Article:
Housing Works, a nonprofit that helps New York’s homeless and HIV-positive population, has long supported itself with a network of thrift stores selling secondhand designer clothing, used books and its own activism-inspired merchandise.

Starting December 29, the 31-year-old organization has added another line of business: marijuana.

The Housing Works Cannabis Co. will open New York state’s first legal retail weed shop on the corner of Astor Place and Broadway in Greenwich Village, near the New York University campus. The official launch was set for 4:20 p.m. in a nod to marijuana culture slang. An hour before the doors opened, a line already stretched around the block.

The venture will be a key test of New York’s highly regulated adult-use marijuana industry, which will face legal and illegal competition, supply-chain challenges and high taxes that could add $1.25 billion to state coffers over the next six years.  

“At least in some respects, retail is retail,” said Housing Works Chief Executive Officer Charles King. “So selling cannabis isn’t that different from selling books or donated clothing and furnishings. It is a much more regulated environment, and so that has been a bit new for us to adjust to. But I don’t see it as being all that complicated.”

Housing Works got the coveted first-in-the-state status through its work helping and employing people who have been impacted by decades of prohibition. The preference for “justice-involved” individuals is a defining feature of New York’s legal cannabis regime, with the first 36 license holders all having some connection to previous criminal prosecution for illegal marijuana sales.

Housing Works is hoping for nearly $1 million in pretax revenue at the store in its first year. “Post-tax, that drops considerably,” King said.

“I’m so happy that Housing Works ended up as the first legal dispensary in New York state because it’s a perfect match with the philosophy and ideology,” state Senator Liz Krueger of Manhattan said at a preopening event for the media on the morning of December 29.
Krueger was the lead sponsor of the legislation legalizing recreational use of marijuana even though she herself is not a user.

“Even if you don’t like this product and don’t want to use it — and I’m one of them, and I hate the smell, I’m just letting you know — this is so critically important,” not only because of decriminalization but also because of the tax revenue that will support social services.

Taxed Twice

New York’s legal cannabis will be taxed twice — a potency levy on distributors on top of a 13% retail tax that could push the effective rate to as high as 50% or more on edibles.

And federal banking rules mean that Housing Works had to find a state-chartered bank to accept debit payments. That means no credit cards.

State and city officials have tried to clear the way for Housing Works with hundreds of criminal and civil citations against illegal smoke shops, which have proliferated in the span of time between decriminalization of possession in 2019 and the first legal store opening.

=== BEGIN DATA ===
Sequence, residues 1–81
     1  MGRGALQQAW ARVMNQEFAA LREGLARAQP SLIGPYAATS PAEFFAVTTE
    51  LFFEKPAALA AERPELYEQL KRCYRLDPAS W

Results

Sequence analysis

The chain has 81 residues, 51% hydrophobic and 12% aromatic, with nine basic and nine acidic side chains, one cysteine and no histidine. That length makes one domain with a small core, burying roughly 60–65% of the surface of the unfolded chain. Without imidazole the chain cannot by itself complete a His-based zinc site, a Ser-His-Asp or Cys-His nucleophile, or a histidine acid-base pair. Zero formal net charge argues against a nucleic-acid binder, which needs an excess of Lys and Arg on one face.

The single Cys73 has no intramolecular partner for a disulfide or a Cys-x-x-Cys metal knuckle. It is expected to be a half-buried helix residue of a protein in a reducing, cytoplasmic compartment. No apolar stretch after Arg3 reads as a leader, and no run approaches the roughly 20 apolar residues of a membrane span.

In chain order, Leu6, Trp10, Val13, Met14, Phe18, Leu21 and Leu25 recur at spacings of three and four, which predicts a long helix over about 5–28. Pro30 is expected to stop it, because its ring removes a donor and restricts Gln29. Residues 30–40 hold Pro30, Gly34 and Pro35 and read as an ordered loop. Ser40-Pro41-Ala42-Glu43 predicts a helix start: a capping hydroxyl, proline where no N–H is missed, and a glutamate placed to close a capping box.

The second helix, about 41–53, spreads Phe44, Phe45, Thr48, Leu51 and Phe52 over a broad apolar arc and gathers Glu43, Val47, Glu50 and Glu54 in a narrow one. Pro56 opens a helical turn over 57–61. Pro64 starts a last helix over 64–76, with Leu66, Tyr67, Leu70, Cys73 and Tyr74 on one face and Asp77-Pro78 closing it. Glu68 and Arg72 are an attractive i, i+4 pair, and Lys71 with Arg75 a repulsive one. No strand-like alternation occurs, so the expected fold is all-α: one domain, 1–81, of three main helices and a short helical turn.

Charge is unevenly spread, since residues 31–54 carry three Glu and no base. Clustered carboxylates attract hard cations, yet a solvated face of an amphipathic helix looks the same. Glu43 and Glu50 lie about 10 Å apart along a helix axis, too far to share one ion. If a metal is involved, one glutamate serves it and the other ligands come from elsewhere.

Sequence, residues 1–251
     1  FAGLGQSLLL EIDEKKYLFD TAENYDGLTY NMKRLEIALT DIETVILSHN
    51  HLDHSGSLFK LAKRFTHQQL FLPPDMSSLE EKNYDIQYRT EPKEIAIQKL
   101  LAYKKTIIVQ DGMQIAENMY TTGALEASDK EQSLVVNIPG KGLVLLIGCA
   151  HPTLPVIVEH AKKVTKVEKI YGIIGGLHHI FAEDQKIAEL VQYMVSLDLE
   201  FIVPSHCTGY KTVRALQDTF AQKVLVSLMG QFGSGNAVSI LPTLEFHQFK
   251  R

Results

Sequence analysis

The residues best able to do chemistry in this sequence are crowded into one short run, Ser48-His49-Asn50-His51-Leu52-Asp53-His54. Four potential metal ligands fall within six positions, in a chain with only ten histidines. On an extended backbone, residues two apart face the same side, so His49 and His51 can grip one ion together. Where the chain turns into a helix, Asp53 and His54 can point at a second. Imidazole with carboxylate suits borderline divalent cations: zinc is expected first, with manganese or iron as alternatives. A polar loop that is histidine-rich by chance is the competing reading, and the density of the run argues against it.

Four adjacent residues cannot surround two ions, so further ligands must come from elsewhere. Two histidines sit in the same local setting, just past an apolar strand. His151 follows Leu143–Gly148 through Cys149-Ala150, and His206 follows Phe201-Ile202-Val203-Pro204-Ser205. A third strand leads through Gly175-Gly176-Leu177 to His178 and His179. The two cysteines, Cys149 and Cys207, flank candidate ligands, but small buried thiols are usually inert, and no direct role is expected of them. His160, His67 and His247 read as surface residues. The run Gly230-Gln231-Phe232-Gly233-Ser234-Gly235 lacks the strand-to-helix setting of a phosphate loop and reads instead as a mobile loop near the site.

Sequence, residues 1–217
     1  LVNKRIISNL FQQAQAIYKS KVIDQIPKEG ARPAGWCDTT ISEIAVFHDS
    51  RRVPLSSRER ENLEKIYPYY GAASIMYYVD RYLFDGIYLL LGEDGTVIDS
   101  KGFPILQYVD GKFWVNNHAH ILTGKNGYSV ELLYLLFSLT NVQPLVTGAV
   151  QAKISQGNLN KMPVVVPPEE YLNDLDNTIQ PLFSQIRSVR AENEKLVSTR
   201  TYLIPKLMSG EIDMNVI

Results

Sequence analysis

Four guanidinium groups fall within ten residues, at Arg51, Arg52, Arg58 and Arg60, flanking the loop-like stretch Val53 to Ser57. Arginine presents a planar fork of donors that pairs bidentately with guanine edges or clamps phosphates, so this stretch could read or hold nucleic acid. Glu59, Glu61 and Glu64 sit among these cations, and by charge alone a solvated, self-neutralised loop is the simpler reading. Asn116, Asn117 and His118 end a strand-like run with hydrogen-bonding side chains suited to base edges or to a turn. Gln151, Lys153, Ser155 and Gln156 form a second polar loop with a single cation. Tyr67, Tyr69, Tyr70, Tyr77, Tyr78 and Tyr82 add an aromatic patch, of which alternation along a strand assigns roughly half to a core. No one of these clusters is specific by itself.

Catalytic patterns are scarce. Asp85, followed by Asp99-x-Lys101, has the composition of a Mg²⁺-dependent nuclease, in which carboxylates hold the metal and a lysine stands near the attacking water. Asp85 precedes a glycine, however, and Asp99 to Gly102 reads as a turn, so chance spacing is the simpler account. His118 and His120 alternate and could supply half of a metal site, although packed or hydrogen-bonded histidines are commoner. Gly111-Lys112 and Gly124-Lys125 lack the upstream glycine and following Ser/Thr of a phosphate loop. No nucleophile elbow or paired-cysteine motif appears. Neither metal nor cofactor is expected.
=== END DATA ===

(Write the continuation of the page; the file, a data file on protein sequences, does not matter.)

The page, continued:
Greenwich Village’s renowned Washington Square Park, just three blocks away from the Housing Works store, has become an open-air bazaar of illegal cannabis sales.

Teagan Reid, a 22-year-old from North Carolina who was waiting in line, said she’s happy to pay the taxes because the money will support the de-carceration effort and that she’ll have more confidence in the quality and safety of the products.

“The illicit market is very, very dangerous,” she said. “But a lot of people are doing it anyway because they have nowhere else to get it.”

Interstate Competition

New York cannabis stores will also face legal competition from neighboring states. New Jersey began legal sales in April, and Connecticut is scheduled to begin later in January.

The opening will also be a test of New York’s cannabis supply chain, with its “seed-to-sale” tracking system and product marketing rules intended to ensure quality and keep illegally grown cannabis out of legal stores.

“The laboratory process has been incredibly cumbersome and slow,” King said. “I know the state is committed to expediting that, but in the meantime, a lot of producers have not been in a position to put their product out on the market just yet.”

Those growing pains mean that the first store will open with fewer than 100 different products — including pre-rolled joints, pills, vapes and edibles — from six different brands, with hundreds more products from dozens of brands available by the end of February.

For Housing Works, the revenue from the store is only part of the mission. The organization hopes to train a new generation of marijuana entrepreneurs, recruited in many cases from the ranks of former illegal dealers, to give them the business experience necessary to open their own licensed shops.

“We might well be training our competitors, and we have no problem doing that,” King said. “We really do believe that this business ought to be dominated by people who’ve experienced the harms of criminalization.”

Source: https://www.supplychainbrain.com/articles/36353-nycs-housing-works-aims-for-1-million-a-year-in-sales-at-citys-first-legal-pot-shop